Catholic Distance University

Faith in Fiction: Should we Shout or Whisper?

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Paul Elie

Has fiction lost its faith? After Paul Elie’s December article by that title in the New York TimesImage editor Gregory Wolfe has responded in the Wall Street Journal with “Whispers of Faith in a Postmodern World.” Where Elie sees a great absence, a retreat of believable belief from the world of fiction, Wolfe sees a generation of writers who are approaching our predicaments from a perspective of faith that is equally compelling as that of earlier writers, except now adapted to a postmodern world in which “a still, small voice” is bound to be more effective than the “large and startling figures” that Flannery O’Connor once advocated. Wolfe writes:

In short, the myth of secularism triumphant in the literary arts is just that—a myth. Yet making lists of counterexamples does not get at a deeper matter. It has to do with the way that faith takes on different tones and dimensions depending on the culture surrounding it.

Mr. Elie quotes Flannery O’Connor’s manifesto: “For the hard of hearing you shout, and for the almost-blind you draw large and startling figures.” That made sense in the context of her time, when the old Judeo-Christian narrative was locked in a struggle with the new secular narratives of Marx, Freud and Darwin.

However, we live in a postmodern world, where any grand narrative is suspect, where institutions are seen as oppressive. So the late Doris Betts could say that for all her admiration of Flannery O’Connor, her own fiction had to convey faith in whispers rather than shouts. Indeed, one of the most ancient religious ideas is that grace works in obscure, mysterious ways. But obscure is not invisible.

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Gregory Wolfe

Having read the two articles a couple of times, I’m left wondering: how much do they really disagree? Elie seems to grant Wolfe’s point about there being plenty of “whispers” and counterexamples. “So you keep looking for the literature of belief. You find it where you can,” he states toward the end of the essay. But he states, likewise, that even when he finds books with characters in whose life grace does seem to be at work, the way in which such action is depicted is perhaps mysterious, but not “in the theological sense — a line going off the grid of cause and effect, a portal to the puzzle of existence. I just don’t know what they believe or how they came to believe it.”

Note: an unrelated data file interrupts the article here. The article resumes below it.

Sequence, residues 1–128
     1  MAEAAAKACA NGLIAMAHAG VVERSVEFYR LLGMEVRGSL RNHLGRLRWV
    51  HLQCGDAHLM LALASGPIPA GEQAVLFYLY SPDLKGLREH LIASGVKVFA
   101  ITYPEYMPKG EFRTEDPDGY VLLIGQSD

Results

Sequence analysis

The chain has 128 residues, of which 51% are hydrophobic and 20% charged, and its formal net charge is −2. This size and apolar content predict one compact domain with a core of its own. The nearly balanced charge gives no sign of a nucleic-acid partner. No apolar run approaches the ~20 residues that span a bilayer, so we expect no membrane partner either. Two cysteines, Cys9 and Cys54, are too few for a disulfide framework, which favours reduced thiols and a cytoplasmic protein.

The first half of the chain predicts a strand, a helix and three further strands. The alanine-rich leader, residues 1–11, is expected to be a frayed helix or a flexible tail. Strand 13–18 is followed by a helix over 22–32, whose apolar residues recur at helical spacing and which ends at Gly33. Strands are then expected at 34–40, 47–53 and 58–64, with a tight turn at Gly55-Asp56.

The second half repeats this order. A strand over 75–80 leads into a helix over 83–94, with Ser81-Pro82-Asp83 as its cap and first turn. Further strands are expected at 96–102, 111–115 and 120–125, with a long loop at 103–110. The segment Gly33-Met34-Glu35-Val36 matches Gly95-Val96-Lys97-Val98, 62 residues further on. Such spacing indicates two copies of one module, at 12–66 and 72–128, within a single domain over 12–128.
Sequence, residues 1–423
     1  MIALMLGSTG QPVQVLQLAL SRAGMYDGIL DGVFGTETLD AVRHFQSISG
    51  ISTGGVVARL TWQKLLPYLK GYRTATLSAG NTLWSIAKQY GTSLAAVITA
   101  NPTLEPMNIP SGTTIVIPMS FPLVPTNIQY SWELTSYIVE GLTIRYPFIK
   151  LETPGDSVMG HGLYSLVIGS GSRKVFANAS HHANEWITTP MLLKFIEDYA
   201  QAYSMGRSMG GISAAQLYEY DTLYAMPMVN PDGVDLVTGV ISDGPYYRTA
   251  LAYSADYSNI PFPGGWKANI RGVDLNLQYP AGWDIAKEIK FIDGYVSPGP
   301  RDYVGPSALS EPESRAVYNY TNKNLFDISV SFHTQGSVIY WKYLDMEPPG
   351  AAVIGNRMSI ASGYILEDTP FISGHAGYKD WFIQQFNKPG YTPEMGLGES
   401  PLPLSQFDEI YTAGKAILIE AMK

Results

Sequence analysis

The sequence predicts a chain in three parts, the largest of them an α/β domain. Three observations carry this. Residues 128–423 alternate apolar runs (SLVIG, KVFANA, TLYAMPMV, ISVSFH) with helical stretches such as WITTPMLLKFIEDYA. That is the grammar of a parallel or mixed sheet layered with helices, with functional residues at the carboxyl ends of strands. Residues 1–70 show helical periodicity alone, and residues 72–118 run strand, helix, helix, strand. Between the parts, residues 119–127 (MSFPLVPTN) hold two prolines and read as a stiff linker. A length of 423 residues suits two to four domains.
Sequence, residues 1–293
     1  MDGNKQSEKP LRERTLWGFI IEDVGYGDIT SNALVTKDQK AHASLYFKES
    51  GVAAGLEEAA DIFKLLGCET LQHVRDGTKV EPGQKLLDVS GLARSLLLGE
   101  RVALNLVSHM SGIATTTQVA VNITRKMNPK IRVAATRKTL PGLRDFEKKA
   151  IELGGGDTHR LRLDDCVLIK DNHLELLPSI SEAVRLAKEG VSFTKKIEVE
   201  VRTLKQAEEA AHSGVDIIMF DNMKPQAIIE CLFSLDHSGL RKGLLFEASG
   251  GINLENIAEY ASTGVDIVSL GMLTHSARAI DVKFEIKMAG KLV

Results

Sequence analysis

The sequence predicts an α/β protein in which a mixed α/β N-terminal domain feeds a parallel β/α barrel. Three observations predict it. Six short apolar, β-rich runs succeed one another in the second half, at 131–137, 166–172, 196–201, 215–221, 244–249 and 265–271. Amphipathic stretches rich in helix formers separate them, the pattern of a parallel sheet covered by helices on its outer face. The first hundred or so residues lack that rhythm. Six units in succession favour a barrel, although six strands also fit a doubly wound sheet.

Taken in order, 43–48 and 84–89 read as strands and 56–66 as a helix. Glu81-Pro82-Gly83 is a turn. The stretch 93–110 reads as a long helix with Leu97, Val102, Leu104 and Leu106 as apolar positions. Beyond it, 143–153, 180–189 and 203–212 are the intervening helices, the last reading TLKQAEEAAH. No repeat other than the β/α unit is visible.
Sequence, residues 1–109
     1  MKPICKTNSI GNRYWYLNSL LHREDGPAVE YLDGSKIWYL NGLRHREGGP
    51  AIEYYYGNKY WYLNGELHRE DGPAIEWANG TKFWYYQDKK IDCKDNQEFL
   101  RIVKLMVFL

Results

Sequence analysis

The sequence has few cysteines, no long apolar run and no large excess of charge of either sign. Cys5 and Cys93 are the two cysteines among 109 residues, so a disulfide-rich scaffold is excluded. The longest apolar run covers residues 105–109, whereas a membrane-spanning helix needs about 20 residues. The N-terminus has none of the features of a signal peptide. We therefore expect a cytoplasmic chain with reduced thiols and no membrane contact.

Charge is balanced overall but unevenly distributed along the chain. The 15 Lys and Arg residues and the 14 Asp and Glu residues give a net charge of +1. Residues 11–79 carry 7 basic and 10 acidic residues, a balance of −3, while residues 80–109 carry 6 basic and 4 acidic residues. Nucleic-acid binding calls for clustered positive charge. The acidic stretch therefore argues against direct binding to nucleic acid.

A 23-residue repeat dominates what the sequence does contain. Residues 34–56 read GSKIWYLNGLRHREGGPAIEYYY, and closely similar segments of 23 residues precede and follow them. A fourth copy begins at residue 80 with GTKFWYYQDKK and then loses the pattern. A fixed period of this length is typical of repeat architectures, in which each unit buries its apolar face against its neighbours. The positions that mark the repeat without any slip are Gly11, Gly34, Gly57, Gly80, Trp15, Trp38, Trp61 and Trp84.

To my mind, the points of agreement and disagreement between these two authors suggest the following:

  • They are probably both largely right, but, as Wolfe readily admits, each is responding to reality as he sees it from his particular perspective. Editing Image, Wolfe naturally is surrounded by writers and literature of belief that seem to give the lie to what Elie suggests. As a former senior editor at Farrar, Strauss, and Giroux, Elie probably has had a different experience.
  • Even granting all of Wolfe’s points, I think he is conceding (to some extent) to Elie’s conclusions when he states that ” faith takes on different tones and dimensions depending on the culture surrounding it.” Part of what Elie is saying is precisely that, to a significant extent, when it comes to literary culture, it is Christian literature that finds itself “surrounded” rather than doing the surrounding; it is most often the one responding, rather than the one being responded to.
  • While Wolfe’s assertion that in a world where “any grand narrative is suspect” it is best to “convey faith in whispers rather than shouts” does seem very reasonable—indeed, it is the approach I tend to take in my own writing—it also strikes me that O’Connor’s “shouts” continue to be compelling to the contemporary reader. While the world O’Connor brings to life in most of her stories is very different from our own in its details, at its heart her sensibilities speak to people who think and feel like we do. It seems to me hard to argue the contrary. Perhaps we’ve just forgotten how to shout?

As stated above, these are all just points that I think are worth considering. I’d love to know what you, our readers, think of all this.

BA

About Bernardo Aparicio García

Bernardo Aparicio García is founder and president of Dappled Things.

Comments

  1. It’s presumptuous of me to comment, really. I didn’t read Paul Elie’s essay and only just read Wolfe’s. More to the point, I haven’t read a lot of contemporary fiction (though I often wonder whether one has to read *everything* in order to claim familiarity.) Another reason it’s presumptuous is that I don’t believe it really matters whether faith shouts or whispers, it is there. Faith has indeed shifted from one God to another, but it’s still there. Life is not liveable without it, not for readers, nor for writers, not for anyone. What’s “missing” in much contemporary fiction is religion, not faith.